Investing in bull markets is simple. Just buy and hold. Anyone can do that. But investing in a bear market is tough. Here are 9 rules that will help you weather the crash, not necessarily unscathed, but in a much better condition than many other investors.
Don’t be in a state of denial. It’s like those investors in 2008 who were constantly reassuring themselves “this is not a bear market, my portfolio will be fine”. Once the S&P 500 is down 100 points, it’s time to acknowledge the crash. Don’t stay in denial, because that will cost you a lot of money.
Forget about rationality.
In a stock market crash, there often is no rationality left. Investors are panicking! Hence, your technical analysis or fundamental analysis won’t work in the short term, because investors have lost rationality.
Don’t bother listening to the stock analysts.
Forget about individual stock pickers who love proclaiming their picks. In times of panic, 99% of all stocks move in the same direction. Investors who are looking at individual stocks need to realize that in times of panic, the macro factors tend to override individual stock earnings or corporate reports. There are times to understand what’s going on in your individual stock, but not in times of panic.
Don’t listen to the financial firms on Wall Street.
Investing is a zero sum game. Only by lying and cheating the public can those major financial firms on Wall Street make vast profits. Remember that firms like Goldman Sachs and JP Morgan aren’t in the business for your best interest. So the next time they say “buy now, on the dip!”, don’t listen to them. Don’t listen to their “buy now, because prices are low!” advice, because prices can (and probably will) fall a lot lower. Major financial firms have a tendency to urge investors to buy high (on the long side) and sell low.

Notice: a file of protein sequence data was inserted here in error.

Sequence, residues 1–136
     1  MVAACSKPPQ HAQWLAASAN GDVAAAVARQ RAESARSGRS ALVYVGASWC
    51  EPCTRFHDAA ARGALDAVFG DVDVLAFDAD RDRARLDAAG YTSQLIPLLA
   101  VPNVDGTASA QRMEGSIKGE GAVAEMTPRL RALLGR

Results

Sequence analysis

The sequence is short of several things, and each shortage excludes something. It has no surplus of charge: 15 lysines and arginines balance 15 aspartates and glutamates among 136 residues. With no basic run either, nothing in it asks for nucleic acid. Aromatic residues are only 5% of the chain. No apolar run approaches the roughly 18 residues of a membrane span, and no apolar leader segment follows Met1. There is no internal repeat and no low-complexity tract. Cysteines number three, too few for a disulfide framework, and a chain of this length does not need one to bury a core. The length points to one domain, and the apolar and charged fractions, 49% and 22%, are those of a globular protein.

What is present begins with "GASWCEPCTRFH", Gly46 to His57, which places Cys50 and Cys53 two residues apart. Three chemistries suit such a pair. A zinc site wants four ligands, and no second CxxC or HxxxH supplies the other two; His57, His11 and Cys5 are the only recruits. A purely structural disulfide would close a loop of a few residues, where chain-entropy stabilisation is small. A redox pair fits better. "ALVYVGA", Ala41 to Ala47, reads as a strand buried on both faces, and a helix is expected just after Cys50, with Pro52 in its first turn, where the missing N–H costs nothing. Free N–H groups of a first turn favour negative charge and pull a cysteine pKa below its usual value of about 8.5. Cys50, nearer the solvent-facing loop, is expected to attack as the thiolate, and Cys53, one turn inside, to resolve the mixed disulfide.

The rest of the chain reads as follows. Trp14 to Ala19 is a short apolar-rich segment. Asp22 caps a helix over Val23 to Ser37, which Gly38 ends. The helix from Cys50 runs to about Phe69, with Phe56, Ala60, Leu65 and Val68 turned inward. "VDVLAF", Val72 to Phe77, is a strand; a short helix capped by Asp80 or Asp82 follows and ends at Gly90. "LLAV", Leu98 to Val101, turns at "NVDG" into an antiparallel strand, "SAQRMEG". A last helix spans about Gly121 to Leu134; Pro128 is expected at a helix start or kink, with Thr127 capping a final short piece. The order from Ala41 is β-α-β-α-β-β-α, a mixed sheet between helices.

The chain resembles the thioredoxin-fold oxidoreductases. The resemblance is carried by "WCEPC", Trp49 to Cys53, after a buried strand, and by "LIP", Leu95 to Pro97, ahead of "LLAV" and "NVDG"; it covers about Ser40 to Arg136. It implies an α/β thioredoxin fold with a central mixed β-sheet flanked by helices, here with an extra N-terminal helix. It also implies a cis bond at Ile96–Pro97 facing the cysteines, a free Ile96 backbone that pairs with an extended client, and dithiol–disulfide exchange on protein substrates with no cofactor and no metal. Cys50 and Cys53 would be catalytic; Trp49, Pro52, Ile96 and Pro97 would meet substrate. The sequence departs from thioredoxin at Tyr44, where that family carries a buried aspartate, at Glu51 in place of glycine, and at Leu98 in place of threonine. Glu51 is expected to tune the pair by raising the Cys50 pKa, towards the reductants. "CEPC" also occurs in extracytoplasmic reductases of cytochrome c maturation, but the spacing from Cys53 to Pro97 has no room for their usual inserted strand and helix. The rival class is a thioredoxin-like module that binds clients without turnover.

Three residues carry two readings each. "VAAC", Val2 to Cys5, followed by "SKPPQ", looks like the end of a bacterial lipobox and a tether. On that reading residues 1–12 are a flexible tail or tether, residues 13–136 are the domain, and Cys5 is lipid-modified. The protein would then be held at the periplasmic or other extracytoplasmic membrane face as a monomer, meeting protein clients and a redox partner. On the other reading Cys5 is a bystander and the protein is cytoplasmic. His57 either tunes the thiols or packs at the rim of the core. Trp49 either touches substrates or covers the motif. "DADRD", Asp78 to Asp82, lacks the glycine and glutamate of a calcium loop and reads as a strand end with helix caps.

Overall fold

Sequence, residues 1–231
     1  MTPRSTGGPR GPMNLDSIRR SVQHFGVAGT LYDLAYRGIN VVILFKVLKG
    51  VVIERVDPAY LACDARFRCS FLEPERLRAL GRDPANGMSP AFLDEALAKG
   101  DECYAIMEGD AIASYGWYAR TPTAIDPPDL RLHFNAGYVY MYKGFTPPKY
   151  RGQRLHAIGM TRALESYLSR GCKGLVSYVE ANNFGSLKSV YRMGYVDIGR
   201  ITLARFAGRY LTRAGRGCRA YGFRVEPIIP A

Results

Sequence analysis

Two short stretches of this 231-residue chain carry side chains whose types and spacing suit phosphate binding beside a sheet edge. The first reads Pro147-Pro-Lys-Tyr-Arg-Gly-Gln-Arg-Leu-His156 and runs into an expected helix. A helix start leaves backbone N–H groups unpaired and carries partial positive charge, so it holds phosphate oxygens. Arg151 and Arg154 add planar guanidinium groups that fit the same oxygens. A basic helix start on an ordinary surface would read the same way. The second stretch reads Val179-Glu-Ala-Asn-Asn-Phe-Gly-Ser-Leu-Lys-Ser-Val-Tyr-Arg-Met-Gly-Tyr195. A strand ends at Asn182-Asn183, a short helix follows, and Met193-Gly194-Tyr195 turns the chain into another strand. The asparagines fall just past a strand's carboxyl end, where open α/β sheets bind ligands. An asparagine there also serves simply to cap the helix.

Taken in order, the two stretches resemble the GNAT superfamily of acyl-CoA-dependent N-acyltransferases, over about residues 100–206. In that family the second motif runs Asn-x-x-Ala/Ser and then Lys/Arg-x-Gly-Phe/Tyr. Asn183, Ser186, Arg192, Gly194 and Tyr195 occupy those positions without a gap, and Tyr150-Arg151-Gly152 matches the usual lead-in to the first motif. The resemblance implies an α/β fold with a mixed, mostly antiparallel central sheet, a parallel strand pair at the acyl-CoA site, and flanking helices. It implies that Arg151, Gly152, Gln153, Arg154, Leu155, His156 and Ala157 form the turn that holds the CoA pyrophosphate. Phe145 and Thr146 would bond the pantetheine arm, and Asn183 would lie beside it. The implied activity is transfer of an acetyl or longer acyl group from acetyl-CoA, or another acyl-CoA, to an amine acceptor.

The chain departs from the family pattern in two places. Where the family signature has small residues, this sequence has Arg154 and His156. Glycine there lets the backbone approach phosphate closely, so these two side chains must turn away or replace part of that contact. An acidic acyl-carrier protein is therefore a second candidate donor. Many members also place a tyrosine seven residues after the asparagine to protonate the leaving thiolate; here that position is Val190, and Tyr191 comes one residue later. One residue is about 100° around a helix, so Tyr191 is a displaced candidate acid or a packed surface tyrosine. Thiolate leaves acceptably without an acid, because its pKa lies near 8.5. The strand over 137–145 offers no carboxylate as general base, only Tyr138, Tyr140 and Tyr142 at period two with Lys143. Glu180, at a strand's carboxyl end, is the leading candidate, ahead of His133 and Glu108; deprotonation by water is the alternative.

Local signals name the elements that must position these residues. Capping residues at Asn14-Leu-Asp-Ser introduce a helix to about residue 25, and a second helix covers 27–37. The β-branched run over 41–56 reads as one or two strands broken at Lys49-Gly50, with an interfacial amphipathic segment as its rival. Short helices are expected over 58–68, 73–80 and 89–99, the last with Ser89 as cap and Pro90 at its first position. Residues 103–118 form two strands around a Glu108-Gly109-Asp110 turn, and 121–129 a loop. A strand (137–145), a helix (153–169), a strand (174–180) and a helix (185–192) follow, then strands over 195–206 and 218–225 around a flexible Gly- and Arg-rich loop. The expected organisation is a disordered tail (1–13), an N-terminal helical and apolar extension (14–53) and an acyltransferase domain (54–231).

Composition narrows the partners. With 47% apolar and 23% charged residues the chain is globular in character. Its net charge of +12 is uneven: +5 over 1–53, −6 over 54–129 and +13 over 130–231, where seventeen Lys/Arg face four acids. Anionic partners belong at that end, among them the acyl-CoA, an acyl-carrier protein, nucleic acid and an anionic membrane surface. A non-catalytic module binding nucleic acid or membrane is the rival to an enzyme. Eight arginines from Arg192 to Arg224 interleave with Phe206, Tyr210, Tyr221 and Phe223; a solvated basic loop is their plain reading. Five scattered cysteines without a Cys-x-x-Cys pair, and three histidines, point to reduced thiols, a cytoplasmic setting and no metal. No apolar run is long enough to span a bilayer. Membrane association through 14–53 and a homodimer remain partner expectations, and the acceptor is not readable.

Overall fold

Understand your goal.
During a stock market crisis, what’s your goal? Is your goal merely to protect capital? Or is it to make huge profits off the crisis. If all you wish for is to protect your investment capital, why not go 100% cash? If your goal is to make money, then go with the trend. Never fight the trend (which is DOWN in a stock market crash), because you’ll simply lose money.
Pay attention to sentiment more than fundamentals and technicals.
Fundamentals and technicals usually don’t work in financial crashes, because investors are no longer thinking rationally. Sentiment, however, reflects perfectly the irrationality of other investors, hence is very useful for predicting the future movements of an irrational market. Is everyone in the markets screaming in desperation? Is there utter fear?
Don’t bother attempting to catch the bottom.
Unless you have God’s cellphone number, the chances of you catching the bottom of any stock market crash are 1 in a million. If you try catch the bottom, you’ve just found a fast way to the poorhouse. Remember that in bear markets, it’s “when will the stock markets rebound”, not “at what price will the stock markets rebound”.
Things that have never happened before can happen now.
Remember in 2008 when the pundits were screaming “There’s no way Lehman can collapse, they’re a 100 year old firm!” And then what happened? Lehman went bankrupt. In major bear markets, anything can happen. Do not get the notion that “there’s no way this can happen!” because it most certainly can.
Don’t be too stubborn with your estimates.
It’s ok if you say “my estimates show that stock XYZ will stop falling at $20”. But don’t be overly assertive and arrogant about it. There’s nothing wrong with making estimates (after all, that’s all we as investors do!). The markets tend to oversell beyond anyone’s imagination in a crash, so keep in mind that your analysis of the markets may be wrong.
Keep these rules in mind, and you’ll be well off when the next stock market crash comes.